Publishers Weekly recently featured Wendy McClure and Wanderville with both a review and an author Q&A, and we couldn't be more delighted. From the review:
First in a historical-fiction series, McClure's book is inspired by the orphan trains of the 19th and early 20th centuries. Eleven-year-old Frances and her seven-year-old brother, Harold, meet up with 11-year-old Jack on a train bound from New York City to Kansas; fearing the worst for what lies ahead, they decide to jump off the train. Lost in the Kansas wilderness, they meet another young New Yorker, Alexander, himself escaped from the cruel conditions of a working ranch, and they become the first citizens of Wanderville, a "town" in the woods that he is creating for runaways. Author/editor McClure (The Wilder Life) celebrates bravery, ingenuity, and the bonds of family and friendship in this old-fashioned story of children fending for themselves, building a community, and eluding the adults who seek them.
Wendy speaks more about the history of orphan trains and her love of history in this video.
If you're attending a reading or library conference this spring, chances are we will be there too! †Stop by our booths to pick up some common core resource materials, advanced reader copies of 2014 titles and say hello!
Colorado Council International Reading Association (CCIRA)
Public Library Association Conference (PLA)
Illinois Reading Conference (IRC)
North Carolina Reading Association Conference (NCRA)
Texas Library Association Conference (TLA)
San Antonio, TX
International Reading Association Conference (IRA)
New Orleans, LA
American Library Association Annual Conference (ALA)
June 26-July 1
Las Vegas, NV
IMPOSSIBLE KNIFE OF MEMORY
Laurie Halse Anderson essentially reinvented the problem novel from cheesy cautionary tales to honest portrayals with very realistic characters. Her protagonists don't just seem to be real people, they come to feel like friends. In her latest, The Impossible Knife of Memory, Hayley has a hard time with friends, which just made me want to befriend her even more. Hayley's problems hit particularly close to the heart for Anderson—dealing with a father struggling with Post Traumatic Stress Disorder. Of course, things are never as simple as one issue, just like in real life. The book also tackles addiction, divorce, abuse, and the trauma of being in high school. Read this book, but make sure you have some tissues nearby—if you are anything like me you will be crying before you reach the end. Hayley makes you keep rooting for her, though, and even at its darkest points Anderson allows some hope in for both Hayley and the reader. To hear Anderson talk about addiction, please watch this video.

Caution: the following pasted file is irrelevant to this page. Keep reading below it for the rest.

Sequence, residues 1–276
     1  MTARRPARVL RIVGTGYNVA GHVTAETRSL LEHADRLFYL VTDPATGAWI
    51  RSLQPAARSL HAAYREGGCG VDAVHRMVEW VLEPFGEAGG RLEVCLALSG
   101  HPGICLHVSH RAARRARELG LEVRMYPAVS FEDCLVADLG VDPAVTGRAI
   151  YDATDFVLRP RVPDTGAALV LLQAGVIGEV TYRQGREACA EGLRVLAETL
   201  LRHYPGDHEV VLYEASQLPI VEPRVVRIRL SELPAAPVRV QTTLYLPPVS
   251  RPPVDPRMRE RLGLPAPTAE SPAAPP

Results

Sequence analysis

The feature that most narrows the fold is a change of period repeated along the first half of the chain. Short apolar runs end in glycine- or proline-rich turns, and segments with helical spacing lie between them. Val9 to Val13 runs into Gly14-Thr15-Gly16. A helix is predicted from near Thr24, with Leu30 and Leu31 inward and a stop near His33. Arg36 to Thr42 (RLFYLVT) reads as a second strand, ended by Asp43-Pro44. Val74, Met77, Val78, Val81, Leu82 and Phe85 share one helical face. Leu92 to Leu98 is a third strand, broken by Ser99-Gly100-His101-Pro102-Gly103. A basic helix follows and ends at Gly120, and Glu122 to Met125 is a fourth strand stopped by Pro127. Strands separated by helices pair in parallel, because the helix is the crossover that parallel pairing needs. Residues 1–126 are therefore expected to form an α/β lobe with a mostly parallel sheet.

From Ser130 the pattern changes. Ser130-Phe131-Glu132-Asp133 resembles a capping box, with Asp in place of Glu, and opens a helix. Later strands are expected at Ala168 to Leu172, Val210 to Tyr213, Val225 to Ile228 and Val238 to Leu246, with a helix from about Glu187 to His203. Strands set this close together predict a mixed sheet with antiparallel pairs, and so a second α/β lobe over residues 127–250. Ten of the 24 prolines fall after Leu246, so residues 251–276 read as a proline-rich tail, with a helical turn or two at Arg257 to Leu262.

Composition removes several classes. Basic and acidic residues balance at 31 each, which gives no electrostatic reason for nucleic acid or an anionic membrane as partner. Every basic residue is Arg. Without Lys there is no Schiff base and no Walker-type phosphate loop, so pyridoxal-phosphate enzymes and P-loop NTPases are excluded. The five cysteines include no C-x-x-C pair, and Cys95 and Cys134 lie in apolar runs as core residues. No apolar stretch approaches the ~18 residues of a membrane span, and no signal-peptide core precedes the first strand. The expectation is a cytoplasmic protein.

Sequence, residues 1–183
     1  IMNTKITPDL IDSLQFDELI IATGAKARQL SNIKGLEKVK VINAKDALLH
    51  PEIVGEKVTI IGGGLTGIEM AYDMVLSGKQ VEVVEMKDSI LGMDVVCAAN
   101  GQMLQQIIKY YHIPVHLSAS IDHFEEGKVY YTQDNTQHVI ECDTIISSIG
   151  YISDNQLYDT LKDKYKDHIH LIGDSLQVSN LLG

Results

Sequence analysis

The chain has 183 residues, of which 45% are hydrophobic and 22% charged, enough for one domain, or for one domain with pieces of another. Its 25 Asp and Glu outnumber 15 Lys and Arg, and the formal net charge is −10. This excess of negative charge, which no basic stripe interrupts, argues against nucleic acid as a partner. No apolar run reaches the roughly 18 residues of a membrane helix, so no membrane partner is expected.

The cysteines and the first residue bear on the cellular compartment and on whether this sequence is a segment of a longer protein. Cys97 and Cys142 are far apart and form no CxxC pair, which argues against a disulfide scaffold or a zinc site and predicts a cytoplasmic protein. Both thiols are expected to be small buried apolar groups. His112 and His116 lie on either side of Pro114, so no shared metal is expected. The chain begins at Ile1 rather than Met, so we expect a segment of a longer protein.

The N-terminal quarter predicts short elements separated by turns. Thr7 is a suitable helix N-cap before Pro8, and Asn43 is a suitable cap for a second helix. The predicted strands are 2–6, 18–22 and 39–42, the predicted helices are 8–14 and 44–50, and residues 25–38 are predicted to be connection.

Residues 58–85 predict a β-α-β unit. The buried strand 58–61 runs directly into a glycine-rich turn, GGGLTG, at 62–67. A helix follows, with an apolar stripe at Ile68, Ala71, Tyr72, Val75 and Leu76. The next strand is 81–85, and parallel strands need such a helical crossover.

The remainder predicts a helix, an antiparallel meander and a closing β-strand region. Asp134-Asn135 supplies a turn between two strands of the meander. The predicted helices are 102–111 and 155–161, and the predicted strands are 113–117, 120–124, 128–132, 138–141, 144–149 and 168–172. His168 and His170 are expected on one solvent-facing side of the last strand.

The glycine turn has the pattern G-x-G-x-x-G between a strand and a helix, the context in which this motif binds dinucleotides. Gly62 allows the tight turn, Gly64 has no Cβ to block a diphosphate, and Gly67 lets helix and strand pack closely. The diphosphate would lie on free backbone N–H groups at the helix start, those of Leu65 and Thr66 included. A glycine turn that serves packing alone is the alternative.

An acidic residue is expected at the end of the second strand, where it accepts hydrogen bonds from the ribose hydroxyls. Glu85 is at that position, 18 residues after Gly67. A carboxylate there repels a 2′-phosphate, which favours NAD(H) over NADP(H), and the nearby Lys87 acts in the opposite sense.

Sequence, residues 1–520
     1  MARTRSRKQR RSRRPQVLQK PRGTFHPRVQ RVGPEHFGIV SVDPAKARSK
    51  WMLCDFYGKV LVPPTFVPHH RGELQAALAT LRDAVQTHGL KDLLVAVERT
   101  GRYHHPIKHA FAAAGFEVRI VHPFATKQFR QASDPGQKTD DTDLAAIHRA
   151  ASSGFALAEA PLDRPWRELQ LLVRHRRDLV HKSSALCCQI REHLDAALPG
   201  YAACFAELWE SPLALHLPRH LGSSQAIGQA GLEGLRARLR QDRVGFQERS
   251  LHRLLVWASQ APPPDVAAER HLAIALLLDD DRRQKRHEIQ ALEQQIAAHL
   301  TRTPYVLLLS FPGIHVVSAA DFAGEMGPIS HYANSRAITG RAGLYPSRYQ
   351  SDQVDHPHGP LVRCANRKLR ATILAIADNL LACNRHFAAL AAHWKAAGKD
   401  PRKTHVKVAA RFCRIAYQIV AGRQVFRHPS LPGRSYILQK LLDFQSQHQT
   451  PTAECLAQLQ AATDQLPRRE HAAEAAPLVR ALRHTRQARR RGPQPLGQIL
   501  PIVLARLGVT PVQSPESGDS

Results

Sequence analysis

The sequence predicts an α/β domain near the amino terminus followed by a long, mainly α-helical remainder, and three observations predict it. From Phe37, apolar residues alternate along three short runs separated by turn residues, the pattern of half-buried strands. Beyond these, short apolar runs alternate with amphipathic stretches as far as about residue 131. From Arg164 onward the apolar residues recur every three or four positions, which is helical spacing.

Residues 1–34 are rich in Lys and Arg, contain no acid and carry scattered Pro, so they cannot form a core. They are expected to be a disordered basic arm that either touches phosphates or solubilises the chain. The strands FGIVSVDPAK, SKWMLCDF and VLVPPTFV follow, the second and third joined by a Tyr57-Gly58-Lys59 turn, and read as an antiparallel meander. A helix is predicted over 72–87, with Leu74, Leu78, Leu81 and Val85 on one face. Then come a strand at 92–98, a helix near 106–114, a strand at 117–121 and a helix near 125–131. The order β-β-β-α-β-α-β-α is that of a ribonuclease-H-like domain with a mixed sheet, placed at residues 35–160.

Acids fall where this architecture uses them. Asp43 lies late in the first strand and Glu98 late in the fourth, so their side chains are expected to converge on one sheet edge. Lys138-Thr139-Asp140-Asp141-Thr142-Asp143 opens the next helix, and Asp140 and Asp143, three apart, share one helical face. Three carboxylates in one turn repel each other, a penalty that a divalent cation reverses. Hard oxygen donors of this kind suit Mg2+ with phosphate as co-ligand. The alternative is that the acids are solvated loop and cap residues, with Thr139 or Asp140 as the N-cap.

The Ghosts of Tupelo Landing
Written by Sheila Turnage
Ages 10 up | Grades 5 Up
3 starred reviews!
"The perspicacious Mo LoBeau is at it again!" — School Library Journal
"Just as its predecessor did, this sequel shines thanks to Turnage's deft, lyrical language and engaging characters...This delightful sequel demonstrates that Tupelo Landing may be even better on a second visit." — Kirkus
"Turnage's ability to create convincing characters and her colorful use of language combine to make this a fresh, droll, rewarding trip to Tupelo Landing." — Booklist
The Impossible Knife of Memory
Written by Laurie Halse Anderson
Ages 12 up | Grades 9 Up
4 starred reviews
"[an] absorbing story of the effects of combat on soldiers and the people who love them" — Publishers Weekly
"The book offers an eloquent portrait of the effects of both war and family legacies, and many readers will find reflections of their own struggle to keep family connections while obtaining their independence." — BCCB
"With powerful themes of loyalty and forgiveness, this tightly woven story is a forthright examination of the realities of war and its aftermath on soldiers and their families. One of Anderson's strongest and most relevant works to date." — School Library Journal
Little Poems for Tiny Ears
Written by Lin Oliver;
Illustrated by Tomie dePaola - Illustrator
Ages 0-3 | Grades to PreK
3 starred reviews
"An ethnically diverse cast of children and the ubiquity of delights that range from beloved pets to a father's scratchy beard give this warmhearted collection broad appeal." — Publishers Weekly
"A tenderly crafted collection that captures the joyous individual moments of infant discoveries." — Kirkus
"Everything about this book is child friendly..." — Booklist
Thomas Jefferson: Life, Liberty and the Pursuit of Everything
Written by Maira Kalman
Ages 5 to 8 | Grades 1-4
3 starred reviews
"Playful but informative, as quick witted as Jefferson himself, this will inspire young readers to learn more." — Booklist